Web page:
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Posted Jun 8, 2009 @ 12:12 AM

I honestly don't think Marshall and Chandler have much in common, even after Chandler got married, other than the fact that they were both the college roommate of one of the main characters. Marshall is not insecure around women (he never had to be cuz he found Lily when he was 18) and isn't as sarcastic and jokester-ish as Chandler and comes from a stable family, unlike Chandler, so he doesn't have issues in that regard like Chandler always did.

I do hope that as HIMYM progresses, they will avoid what happened to "Friends"... I find that watching an earlier season episode of Friends and watching a later season episode of Friends is like night and day. All the characters became complete caricatures of themselves. The episodes were still funny, but the characters were unrecognizable from what they started out as, and that's not due to them maturing or evolving... it was due to bad writing, IMO.

Edited by SwtSassyMolassy, Jun 8, 2009 @ 12:13 AM.


#6

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Posted Jan 25, 2010 @ 8:46 PM

(Also posted in the "HIMYM in the Media" forum)

Carter and Craig are going to exec. produce a new sitcom with Kourtney Kang and Joe Kelly!

The spec script revolves around a couple who are dating -- and mulling the next stage of their relationship.

Bays and Thomas said the Kang/Kelly script contained plenty of "Mother" DNA but was different enough to rep their next evolution. Show is based in Pittsburgh, where Kang went to college.

"It feels like a logical extention of 'How I Met Your Mother,' with a couple at the center of it, instead of being about the single life," Thomas said. "We grew up writing 'Mother,' and now we can figure out the next chapter of the story."


Sources below:

Variety article

Blurb from The Hollywood Reporter

#7

Top Dog 12

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Posted Feb 20, 2010 @ 3:15 AM

Another way this show is like Friends is in the ratings. For Friends the show ratings were in in high teens in terms of millions watching for the first five seasons. For the next five seasons they were in the low 20s in terms of millions watching. Lots of people have said that the latter half is when the show quality was not as good but the ratings were higher. Same with HIMYM it seems.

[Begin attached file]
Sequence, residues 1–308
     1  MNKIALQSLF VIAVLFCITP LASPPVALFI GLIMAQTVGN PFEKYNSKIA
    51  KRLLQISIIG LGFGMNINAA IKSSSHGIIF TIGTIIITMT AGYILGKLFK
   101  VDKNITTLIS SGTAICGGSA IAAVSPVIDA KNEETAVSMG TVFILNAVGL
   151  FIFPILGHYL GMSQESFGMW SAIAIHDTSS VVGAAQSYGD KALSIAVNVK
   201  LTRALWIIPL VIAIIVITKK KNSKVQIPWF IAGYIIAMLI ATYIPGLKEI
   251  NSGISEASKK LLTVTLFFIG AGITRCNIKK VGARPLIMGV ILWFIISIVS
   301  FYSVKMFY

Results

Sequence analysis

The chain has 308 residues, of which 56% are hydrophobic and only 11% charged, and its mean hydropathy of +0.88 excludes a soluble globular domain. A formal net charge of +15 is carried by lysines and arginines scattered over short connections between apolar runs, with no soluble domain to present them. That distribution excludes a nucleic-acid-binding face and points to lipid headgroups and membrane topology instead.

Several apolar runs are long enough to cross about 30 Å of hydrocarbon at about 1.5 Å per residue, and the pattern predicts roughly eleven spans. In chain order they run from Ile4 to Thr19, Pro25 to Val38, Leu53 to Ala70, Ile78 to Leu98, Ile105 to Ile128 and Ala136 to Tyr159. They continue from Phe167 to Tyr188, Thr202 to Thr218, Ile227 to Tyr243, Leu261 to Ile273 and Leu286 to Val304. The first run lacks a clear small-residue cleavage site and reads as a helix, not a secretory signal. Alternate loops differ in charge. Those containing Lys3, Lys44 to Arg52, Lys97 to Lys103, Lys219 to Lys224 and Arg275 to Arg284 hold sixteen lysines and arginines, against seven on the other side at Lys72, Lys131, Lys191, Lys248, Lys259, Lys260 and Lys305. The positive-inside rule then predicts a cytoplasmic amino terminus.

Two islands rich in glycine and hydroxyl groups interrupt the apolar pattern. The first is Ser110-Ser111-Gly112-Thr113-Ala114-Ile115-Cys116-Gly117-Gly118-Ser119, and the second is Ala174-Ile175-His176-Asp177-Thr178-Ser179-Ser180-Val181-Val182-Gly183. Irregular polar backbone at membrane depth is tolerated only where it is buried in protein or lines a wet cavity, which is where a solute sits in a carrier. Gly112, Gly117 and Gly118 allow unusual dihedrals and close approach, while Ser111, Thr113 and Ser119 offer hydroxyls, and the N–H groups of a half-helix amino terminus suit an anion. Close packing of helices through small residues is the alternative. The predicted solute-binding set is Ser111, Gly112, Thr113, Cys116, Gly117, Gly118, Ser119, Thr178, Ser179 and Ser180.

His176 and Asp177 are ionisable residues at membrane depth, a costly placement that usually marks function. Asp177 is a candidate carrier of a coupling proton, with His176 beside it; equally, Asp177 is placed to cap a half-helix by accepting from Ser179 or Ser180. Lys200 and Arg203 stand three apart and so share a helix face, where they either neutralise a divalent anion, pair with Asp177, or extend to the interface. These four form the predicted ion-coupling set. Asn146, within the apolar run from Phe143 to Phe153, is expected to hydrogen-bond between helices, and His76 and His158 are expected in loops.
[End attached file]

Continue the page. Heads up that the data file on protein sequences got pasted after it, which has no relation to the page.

#8

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Posted Feb 28, 2010 @ 3:23 PM

One factor that makes the two shows different is the fact that it's not following the same cohorts- Friends followed people born in the late '60's, went to high in the 80's, and graduated college in the early 90's. HIMYM follows people born in the late 70's, who went to high school in the 90's, and graduated college in the early 00's. That's a big difference, because the people in Friends didn't grow up in the digitial era the way the cast of HIMYM did. The latter grew up with computers being present in their childhood, and used internet, c.d. players, and cell phones by high school. I think the show does a good job of reflecting how people who came of age during the 90's act, what with the texting and ease with Facebook.

#9

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Posted Mar 3, 2010 @ 2:52 AM

Well, one very obvious Friends/HIMYM connection is...Greg Malins worked on both! He has been both an executive producer and writer on both HIMYM and Friends.

#10

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Posted Mar 3, 2010 @ 11:04 PM

Actually, the show I think HIMYM most resembles is Coupling. The experiments in time and narrative that HIMYM sometimes does in episodes were pre-empted by Coupling which frequently used narrative tricks on audiences. Also Barney has more than a superficial resemblance to Patrick from Coupling, the show lothario. Patrick is probably the sleazier than the two (He does own a cupboard of love). Also unlike Barney, Patrick is delightfully uncomplicated when it comes to settling down to domestic bliss. Coupling is much ruder than HIMYM though. Probably why I prefer it more!

Edited by claudie71, Mar 3, 2010 @ 11:05 PM.


#11

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Posted Mar 4, 2010 @ 7:27 AM

Interestingly, from the actions we've seen, Barney is a muuuch bigger sleaze than Patrick. Patrick forgot about sleeping with women, had several at the same time, cared more about his car than women and films (and overtapes!) the women he has sex with.